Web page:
I managed to catch it last weekend - the show is poorly advertised in the motorcycle community, and only a chance google result raised the website of the museum, which sits next to the LA Coliseum (and its stunning Robert Graham headless nude man/woman statues, which caused such controversy at the 1984 LA Olympics). The museum complex also includes an Aerospace Hall, with an SR-71 'Blackbird' plane outside - amazing.
'Black Chrome' (gotta love the name) is a mixed bag of a show - a superlative and long overdue concept, with a few real gems, but on the whole it lacks the depth needed to make a statement about motorcyclists 'of color'. The gems; I never knew that the builder of those seminal choppers in Easy Rider, Ben Hardy, is black! A claim is made that the whole extended fork style of custom motorcycle was created by Black rider/artisans - take that, nazi bikers! It all makes sense of course - who invented the 'look' and sound of Rock music, who created Jazz and Blues, who started the trend for outrageous stage outfits/antics which were parroted and expropriated by everyone else? Okay, I'm done.
But, this tidbit of information is presented on a 8" square card, between two 'Easy Rider' posters. I'm not sure if the curators really appreciate the significance of this nugget of information, and the exhibit strikes me as curious for its lack of a catalog or much background information at all. Someone is either completely unfunded, or isn't really savvy to the impact a show such as this could/should have on popular culture. They are aware, however, of the popularity of the Chopper craze, as quite a few bikes on display are new OCC-style bikes.
A Discovery Channel video on the History of the Chopper (a Jesse James project), on continuous loop, does explore the exclusion of Black riders from Chopper magazines In The Day. The video also allows 'Sugar Bear' to explain his own history of building custom bikes since the 1960's, and most significantly, mention is made of photographs of Black choppers dating back to the 1950s... and you can bet The Vintagent will pay this man a visit!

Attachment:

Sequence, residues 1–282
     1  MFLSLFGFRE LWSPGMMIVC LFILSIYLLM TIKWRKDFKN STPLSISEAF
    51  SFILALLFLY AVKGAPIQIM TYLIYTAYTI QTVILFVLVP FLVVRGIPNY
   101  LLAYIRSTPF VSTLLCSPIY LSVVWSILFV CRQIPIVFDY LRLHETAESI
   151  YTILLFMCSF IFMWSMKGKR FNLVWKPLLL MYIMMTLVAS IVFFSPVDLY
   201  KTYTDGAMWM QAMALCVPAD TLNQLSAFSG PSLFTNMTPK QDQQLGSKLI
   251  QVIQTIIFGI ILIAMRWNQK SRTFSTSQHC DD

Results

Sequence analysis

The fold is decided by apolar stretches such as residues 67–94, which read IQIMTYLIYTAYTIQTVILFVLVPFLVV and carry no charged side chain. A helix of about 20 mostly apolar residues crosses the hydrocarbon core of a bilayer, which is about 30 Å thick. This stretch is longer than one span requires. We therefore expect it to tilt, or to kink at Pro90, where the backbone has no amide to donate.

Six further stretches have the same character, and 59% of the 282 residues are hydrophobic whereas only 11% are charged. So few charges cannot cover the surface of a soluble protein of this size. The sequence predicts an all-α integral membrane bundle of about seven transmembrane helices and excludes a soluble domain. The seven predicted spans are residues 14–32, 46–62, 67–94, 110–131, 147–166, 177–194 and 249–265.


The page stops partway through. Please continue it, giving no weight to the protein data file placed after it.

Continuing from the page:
The period photos in 'Black Chrome' poorly reproduced, displayed, and explained - they speak volumes, but I truly wish the curators had spent more time exploring a world most of us don't know. Where's the sholarship on the subject? I guess it's here - hire me folks, I write cheap.
The photo above is Esvan Mosky, with his dog Koo Koo Man, on their modified BMW /2 tourer - Esvan was in show business somehow, but I'd like to learn more about this intriguing fellow.
Images of women riders are included, with a brief mention of Bessie Stringfield, founder of the Motor Maids, and a few words that women had their own motorcycles within the riding clubs, then and now. More please.
Gang and Club 'colors' are prominently displayed, including the East Bay Dragons, a still-active group I see on the road at times.
Their Drag Bike (see photos) is perhaps only intact as it had a rather serious 'issue' with the crankcases during a sprint. Oops. I love that it is presented 'as is'! Unfortunately, a 1960s Sportster is also presented thus (ie, incomplete) with no good reason other than to fill space. A nice orange metalflake Panhead makes sense, as does a beautifully pinstriped Sportster named 'My Man', owned by a woman.
My favorite Club jacket - the 'California Blazers M/C' (above); aesthetically uninspired, barring the late-model Velocette Scrambler used as their logo...cool.
In an adjacent gallery, a photographic collection of Black Panther history from 1968, shot by Howard L. Bingham for Life magazine, had these images which I thought relevant; 'The Man' on his Harley Police Special, looking rather unhappily at the photographer! The lower pic shows the Panthers miming a firing squad at the cop - ouch. These photos inadvertently give a hint of the relationship which must have existed between the East Bay Dragons and the Oakland P.D.
I'm also curious about the Dragon's relationship with the Hell's Angels chapter in Oakland, founded by the notorious Sonny Barger; arguably their home base during the 60s and certainly the Angel's most significant locale at the time, especially with Hunter S. Thompson's book exploring his 'difficult' time investigating the club for the book 'Hell's Angels'.
If you get a chance to see the exhibit, let me know what you think.